Would it not be a better strategy to infect the US media? It's not like the NY Times conducts deep background checks. What is the risk? Can one be imprisoned for buying a reporter a drink? Whats the cost of having ones UN diplomats throw posh parties on the Upper West Side and inviting all the relevant journalists...its not even illegal. Even if one is throwing in free drugs and hookers..infecting the US media costs a tiny fraction of running a single deep plant at the CIA.

3/03/2008 08:19:00 AM  
Blogger eggplant said...

Mətušélaḥ said:

"No, you do NOT profit from oil imports. You can argue that oil imports are a cost of doing business -- an ever increasing and frivolous cost of doing business."

I've read more than one study indicating that the standard of living scales with energy consumption, i.e. the more petroleum people burn, the better off they are. Implicit in this observation is that energy is being used efficently and purchased at a reasonable price. I have read some speculation that the Global Warming debate actually hides a hidden agenda of bringing down the free market economic system. The argument follows that if cheap energy is withdrawn because it produces carbon dioxide then the free market system must collapse along with the standard of living. With the collapse of the free market, socialism would have its second chance to take over the world (I don't believe this).

What obscures this sort of discussion is that energy is getting more expensive on its own. Much of the world's cheap energy sources have already been consumed. The really big remaining oil fields are located in hostile countries, e.g. the Ghawar field in Saudi Arabia, Siberian petroleum, Venezuela, etc. The United States still has plenty of petroleum in the ground. Unfortunatly the energy required to extract most of this native petroleum is greater than the petroleum's intrinsic energy content. This is the basic "Peak Oil" argument, i.e. oil will remain in the ground if the energy required to extract it is greater than the energy contained in the oil.

My belief is that we will continue to import expensive oil in a desperate attempt to maintain our standard of living. We will import this oil on credit if necessary. However, after our credit rating goes to zero, our oil imports will diminish and our standard of living will collapse.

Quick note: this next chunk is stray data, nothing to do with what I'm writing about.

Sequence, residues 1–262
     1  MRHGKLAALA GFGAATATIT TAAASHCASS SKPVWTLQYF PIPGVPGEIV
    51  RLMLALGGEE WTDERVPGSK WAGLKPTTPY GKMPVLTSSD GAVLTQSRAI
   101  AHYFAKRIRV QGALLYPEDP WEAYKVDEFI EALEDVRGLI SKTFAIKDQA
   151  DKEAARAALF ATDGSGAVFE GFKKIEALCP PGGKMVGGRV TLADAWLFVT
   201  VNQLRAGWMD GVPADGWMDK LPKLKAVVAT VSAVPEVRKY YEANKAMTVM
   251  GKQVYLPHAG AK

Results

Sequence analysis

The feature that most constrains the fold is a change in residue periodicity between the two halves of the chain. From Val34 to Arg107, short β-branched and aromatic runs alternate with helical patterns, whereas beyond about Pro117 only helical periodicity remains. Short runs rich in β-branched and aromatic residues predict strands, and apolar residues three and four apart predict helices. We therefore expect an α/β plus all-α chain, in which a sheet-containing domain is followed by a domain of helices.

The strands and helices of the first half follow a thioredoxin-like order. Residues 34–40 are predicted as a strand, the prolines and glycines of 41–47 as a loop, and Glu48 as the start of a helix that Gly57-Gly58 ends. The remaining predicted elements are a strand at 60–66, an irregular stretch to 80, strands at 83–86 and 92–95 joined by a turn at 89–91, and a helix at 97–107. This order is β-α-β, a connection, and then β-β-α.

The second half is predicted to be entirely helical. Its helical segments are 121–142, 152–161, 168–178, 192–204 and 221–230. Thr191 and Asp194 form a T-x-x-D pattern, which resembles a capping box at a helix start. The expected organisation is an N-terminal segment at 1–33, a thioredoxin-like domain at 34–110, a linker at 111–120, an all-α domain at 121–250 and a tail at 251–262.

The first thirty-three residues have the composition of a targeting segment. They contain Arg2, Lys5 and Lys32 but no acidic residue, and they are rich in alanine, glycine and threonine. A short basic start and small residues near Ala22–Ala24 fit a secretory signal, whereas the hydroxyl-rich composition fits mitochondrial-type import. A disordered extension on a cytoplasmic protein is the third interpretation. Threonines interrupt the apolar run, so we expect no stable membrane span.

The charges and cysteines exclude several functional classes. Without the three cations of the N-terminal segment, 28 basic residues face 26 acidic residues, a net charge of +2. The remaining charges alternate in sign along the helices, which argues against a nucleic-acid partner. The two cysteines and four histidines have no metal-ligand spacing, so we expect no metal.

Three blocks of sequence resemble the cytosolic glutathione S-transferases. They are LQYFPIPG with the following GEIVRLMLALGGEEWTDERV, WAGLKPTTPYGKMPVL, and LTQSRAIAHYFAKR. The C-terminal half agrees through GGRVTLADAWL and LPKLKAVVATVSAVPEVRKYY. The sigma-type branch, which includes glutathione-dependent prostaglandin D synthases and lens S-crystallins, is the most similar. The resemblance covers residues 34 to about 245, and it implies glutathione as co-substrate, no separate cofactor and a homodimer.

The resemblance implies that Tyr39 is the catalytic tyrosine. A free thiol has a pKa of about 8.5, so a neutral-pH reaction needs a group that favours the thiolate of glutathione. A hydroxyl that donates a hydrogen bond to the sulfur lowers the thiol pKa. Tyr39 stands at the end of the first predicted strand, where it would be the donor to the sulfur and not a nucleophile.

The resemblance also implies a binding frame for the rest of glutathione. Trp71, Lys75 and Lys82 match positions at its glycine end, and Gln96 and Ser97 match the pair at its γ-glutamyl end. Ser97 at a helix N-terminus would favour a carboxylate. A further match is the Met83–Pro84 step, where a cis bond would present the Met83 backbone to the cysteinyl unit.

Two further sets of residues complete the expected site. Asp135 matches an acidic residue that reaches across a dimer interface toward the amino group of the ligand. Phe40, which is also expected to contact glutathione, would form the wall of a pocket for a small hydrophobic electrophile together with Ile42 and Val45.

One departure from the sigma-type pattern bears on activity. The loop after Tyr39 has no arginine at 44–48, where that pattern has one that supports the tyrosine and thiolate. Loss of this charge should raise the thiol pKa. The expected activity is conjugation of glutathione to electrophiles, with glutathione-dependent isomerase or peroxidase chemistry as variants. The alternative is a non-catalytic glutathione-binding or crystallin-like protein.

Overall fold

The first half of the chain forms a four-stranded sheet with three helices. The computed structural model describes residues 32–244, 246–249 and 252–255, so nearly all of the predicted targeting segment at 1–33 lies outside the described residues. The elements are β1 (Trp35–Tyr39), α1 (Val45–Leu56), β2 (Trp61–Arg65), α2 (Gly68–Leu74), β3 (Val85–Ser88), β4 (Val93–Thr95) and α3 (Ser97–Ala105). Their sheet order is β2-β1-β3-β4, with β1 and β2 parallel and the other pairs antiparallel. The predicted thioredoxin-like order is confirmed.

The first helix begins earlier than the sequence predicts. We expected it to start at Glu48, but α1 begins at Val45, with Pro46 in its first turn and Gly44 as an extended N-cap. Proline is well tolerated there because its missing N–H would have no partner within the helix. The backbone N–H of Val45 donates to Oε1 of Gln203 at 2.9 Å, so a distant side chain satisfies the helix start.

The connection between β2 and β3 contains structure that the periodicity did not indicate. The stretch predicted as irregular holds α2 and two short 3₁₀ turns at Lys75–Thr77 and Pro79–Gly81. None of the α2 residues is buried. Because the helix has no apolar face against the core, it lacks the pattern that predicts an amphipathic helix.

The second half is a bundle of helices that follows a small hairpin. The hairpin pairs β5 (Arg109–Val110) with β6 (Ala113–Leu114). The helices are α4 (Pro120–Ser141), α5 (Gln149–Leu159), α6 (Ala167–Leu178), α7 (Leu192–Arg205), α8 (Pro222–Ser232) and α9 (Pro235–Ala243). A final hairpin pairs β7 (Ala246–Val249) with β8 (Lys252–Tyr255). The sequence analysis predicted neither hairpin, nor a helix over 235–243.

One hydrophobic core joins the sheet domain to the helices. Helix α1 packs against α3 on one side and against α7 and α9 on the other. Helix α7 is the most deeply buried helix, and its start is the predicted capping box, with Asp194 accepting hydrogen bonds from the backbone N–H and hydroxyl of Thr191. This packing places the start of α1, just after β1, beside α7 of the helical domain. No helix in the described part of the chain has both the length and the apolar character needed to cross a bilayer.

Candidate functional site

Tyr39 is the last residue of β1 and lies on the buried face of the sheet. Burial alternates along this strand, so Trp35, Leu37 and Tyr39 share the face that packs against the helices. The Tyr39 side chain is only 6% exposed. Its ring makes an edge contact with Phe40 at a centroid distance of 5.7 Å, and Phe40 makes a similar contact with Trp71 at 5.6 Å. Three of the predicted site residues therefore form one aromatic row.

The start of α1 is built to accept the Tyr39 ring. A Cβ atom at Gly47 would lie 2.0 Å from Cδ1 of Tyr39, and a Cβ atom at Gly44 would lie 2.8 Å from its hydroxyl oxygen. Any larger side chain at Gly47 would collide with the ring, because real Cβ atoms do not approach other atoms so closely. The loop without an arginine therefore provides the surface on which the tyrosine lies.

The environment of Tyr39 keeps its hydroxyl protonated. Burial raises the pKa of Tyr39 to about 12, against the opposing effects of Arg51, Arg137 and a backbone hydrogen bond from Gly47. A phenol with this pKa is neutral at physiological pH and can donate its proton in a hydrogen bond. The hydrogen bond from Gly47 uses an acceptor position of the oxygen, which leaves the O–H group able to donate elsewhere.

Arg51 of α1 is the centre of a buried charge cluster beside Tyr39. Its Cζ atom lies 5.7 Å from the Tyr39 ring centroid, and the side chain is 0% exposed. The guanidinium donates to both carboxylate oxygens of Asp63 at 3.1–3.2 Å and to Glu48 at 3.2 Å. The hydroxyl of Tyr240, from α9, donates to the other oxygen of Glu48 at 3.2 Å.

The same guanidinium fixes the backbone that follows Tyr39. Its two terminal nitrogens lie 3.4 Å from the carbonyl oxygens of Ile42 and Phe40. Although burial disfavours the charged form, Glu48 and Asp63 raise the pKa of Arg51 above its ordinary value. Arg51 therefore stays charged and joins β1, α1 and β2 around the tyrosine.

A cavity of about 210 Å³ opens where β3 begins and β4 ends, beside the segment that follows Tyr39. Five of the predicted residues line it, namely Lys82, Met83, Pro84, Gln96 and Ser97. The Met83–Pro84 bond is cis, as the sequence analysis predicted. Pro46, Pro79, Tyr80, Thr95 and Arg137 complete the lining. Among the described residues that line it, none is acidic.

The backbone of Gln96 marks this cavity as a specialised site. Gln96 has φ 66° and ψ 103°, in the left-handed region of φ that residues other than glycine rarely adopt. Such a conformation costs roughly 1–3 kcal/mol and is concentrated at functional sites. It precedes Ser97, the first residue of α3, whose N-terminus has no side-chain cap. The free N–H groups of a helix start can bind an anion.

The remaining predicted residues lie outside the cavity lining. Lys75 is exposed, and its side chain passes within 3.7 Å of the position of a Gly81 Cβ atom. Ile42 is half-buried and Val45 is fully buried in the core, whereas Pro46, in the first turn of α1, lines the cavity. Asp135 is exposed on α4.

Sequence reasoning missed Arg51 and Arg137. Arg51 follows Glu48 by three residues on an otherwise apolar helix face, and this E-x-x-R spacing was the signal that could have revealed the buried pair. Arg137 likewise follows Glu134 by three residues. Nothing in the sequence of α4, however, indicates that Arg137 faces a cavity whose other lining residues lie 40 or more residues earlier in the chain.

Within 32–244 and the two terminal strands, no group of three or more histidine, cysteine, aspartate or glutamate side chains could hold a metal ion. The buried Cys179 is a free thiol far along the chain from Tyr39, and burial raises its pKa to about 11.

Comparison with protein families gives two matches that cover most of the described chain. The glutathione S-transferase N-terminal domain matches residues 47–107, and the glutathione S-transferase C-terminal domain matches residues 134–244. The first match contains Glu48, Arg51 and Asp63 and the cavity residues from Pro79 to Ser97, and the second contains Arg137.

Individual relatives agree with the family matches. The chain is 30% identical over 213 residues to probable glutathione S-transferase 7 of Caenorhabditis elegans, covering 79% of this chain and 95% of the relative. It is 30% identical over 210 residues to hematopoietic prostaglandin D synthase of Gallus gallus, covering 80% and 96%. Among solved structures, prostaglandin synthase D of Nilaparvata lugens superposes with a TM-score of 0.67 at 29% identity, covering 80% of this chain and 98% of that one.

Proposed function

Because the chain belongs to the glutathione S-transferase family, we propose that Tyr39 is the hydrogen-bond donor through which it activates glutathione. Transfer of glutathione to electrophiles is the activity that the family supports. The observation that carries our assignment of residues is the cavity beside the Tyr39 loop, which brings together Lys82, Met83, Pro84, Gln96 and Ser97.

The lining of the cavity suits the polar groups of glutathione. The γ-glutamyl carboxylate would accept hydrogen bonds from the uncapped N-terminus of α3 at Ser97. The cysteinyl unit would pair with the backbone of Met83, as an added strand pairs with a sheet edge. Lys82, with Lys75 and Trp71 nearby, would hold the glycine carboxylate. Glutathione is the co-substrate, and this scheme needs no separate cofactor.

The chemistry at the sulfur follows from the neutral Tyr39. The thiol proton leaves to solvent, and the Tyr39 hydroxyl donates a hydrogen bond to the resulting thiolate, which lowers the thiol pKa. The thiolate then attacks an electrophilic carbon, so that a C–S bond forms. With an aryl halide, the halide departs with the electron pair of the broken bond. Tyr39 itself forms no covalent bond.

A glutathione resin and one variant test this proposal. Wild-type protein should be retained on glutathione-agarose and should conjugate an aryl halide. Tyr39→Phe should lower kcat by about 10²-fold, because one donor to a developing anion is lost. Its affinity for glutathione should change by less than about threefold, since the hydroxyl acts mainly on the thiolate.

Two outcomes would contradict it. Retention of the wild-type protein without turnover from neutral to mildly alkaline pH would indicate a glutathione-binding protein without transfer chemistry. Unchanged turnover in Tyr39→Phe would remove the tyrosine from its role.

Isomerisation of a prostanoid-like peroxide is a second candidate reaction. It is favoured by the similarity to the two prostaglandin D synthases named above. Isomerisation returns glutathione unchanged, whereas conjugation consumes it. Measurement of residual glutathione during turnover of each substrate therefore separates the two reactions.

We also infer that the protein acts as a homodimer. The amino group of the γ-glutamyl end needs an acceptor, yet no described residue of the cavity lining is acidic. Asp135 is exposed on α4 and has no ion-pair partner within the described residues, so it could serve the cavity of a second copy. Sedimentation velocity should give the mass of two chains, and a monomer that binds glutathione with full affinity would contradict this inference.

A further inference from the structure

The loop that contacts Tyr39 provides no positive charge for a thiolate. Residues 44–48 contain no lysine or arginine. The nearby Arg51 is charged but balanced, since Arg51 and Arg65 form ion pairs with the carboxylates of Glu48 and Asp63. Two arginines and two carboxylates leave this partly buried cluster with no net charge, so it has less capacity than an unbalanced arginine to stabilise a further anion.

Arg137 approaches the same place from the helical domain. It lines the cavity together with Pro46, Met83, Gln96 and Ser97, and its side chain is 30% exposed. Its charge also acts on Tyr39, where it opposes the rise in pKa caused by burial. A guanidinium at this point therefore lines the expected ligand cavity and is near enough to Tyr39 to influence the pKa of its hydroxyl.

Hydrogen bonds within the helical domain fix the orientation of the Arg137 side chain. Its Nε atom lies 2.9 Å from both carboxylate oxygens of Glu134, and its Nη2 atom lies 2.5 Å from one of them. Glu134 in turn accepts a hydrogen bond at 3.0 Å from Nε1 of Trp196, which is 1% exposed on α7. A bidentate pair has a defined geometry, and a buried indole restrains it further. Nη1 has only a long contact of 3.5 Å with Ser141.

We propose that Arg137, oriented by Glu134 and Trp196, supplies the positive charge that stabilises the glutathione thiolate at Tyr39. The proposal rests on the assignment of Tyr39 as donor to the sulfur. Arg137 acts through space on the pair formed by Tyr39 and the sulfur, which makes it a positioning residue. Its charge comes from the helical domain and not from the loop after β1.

The only escape that I see from this dreary outcome is rapid conversion from foreign petroleum to domestic nuclear energy along with synthetic petroleum made from domestic coal.

3/03/2008 09:52:00 AM  
Blogger Mətušélaḥ said...

"However, after our credit rating goes to zero, our oil imports will diminish and our standard of living will collapse."


It doesn't have to be that way. Not if we invest in solar and offshore wind plants. To my mind, it's a much more sensible proposition than investing half a trillion dollars in Iraq, and counting.

3/03/2008 10:26:00 AM  
Blogger Dan said...

"The only escape that I see from this dreary outcome is rapid conversion from foreign petroleum to domestic nuclear energy along with synthetic petroleum made from domestic coal."

Not me. I see the answer being a combination of four factors.

1) Most importantly, improvements forthcoming in methods of storing energy. Most especially, a battery that can power a car for a single-charge energy output similar to what a tank of gas will produce. These things are being feverishly worked on as I type this by the car companies, and some really interesting new products are slated to come out in the next 2-3 years.

2) I've read a LOT lately about improved solar cells. Those things are going to be ubiquitous in 5-10 years tops. Rooftop solar-cell outfits are just now reaching the point where it would make economic sense for me to get one, and I plan to soon. Electric rates are not going down where I live. I ran the numbers, and I'd need my full rooftop plus an extra panel of about 10X20 ft next to my house to cover our full current electric needs. At some point I'd like to add a second extra panel of maybe 10x10 dedicated to recharging the electric/plug-in hybrid vehicles I plan on getting. In combination with #1, this source alone is all my family would need for energy.